trine. It holds up improvement as at least possible. "Freewill" is thus a general cosmological theory of promise.
It is very important to understand just what this means. It means that we may assume, as a relief from despondency, that things may happen in the future which have absolutely no ground in what has been or what is. We have, by hypothesis, no means of knowing anything whatever about these things to which we look forward. We can not frame a reasonable expectation of any kind—we only know that we may expect the unexpected.
Let us imagine Schopenhauer, the pessimist, and Candide, the merry optimist, banished together to a world of this lawless description, and condemned to pass a month in the same pension. The beds are hard, the coffee is weak, the dinner is not wholly satisfactory, and the company is mixed.
"Candide," says Arthur, after a week spent in mortifying the flesh, "how does this strike you?"
"I shall not answer you in the spirit of the exaggerated optimism which I once tried to cultivate," responds the sobered philosopher, "for the condition of things is, indeed, somewhat trying; but I know your weakness, and I feel it my duty to point out to you that, if we may not be optimists here, we may at least be meliorists. In such a world as this, no one can know what is going to happen next. In this general uncertainty there lies concealed a promise. Cheer up!"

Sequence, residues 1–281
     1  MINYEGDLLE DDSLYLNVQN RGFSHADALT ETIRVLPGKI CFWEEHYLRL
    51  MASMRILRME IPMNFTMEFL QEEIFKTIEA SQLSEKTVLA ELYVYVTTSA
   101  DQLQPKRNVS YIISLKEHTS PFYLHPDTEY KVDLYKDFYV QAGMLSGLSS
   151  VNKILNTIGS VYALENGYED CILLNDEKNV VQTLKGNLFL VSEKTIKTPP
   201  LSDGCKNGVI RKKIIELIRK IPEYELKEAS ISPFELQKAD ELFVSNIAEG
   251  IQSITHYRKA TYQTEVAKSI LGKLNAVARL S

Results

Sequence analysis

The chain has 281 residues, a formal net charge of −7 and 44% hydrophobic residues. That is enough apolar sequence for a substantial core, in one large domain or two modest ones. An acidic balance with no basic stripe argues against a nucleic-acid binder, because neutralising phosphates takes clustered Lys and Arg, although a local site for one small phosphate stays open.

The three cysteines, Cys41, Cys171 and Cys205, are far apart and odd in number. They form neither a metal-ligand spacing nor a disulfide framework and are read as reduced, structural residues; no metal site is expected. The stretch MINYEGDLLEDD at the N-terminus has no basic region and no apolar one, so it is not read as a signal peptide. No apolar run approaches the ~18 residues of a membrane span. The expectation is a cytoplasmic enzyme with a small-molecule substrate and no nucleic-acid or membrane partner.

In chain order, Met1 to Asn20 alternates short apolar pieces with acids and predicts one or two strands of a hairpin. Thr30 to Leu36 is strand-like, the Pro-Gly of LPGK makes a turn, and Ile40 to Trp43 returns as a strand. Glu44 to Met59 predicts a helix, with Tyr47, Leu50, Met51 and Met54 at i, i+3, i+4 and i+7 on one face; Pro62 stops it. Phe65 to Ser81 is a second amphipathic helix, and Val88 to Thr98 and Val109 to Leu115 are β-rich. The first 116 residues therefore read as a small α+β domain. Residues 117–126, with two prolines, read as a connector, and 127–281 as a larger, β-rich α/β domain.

"Cheer up?" thunders the German, "Candide, you are incorrigible. As you have abandoned your optimism, I should be ungenerous not to modify my pessimism; but beyond pejorism I can not, as a rational being, consent to go. You admit that things are bad; you admit that, for all we can know to the contrary, they may at any time be worse. That is enough for me—God alone can know how miserable the next week may find us."
"But think of the promise," insists the man of hopeful temper, "is there nothing in that?"
"The promise? The promise of what?" is the scornful reply. "Who can take comfort in a promise so long as it is uncertain whether it is a promise to pay or a promise to extort payment? Your meliorism and my pejorism are the same thing, or two aspects of the same thing—the thing may best be described as discontent with the present and complete uncertainty touching the future."
Candide relapses into silence; he can not conscientiously load the dice of "freewill" and make them work together for good. He can not assure his companion that things are going to be better, when it is purely problematic whether there is going to be any change at all, and whether, if there be a change, it will be a change for the better or for the worse. He may not exercise a confidence in the Cosmos, or in